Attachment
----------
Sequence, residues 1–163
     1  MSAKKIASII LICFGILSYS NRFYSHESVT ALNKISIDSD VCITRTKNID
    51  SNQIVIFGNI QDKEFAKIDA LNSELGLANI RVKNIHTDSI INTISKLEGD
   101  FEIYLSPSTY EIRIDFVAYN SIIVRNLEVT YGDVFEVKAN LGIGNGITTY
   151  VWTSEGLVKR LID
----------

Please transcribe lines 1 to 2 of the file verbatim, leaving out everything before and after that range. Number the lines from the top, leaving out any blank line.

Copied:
Sequence, residues 1–163
     1  MSAKKIASII LICFGILSYS NRFYSHESVT ALNKISIDSD VCITRTKNID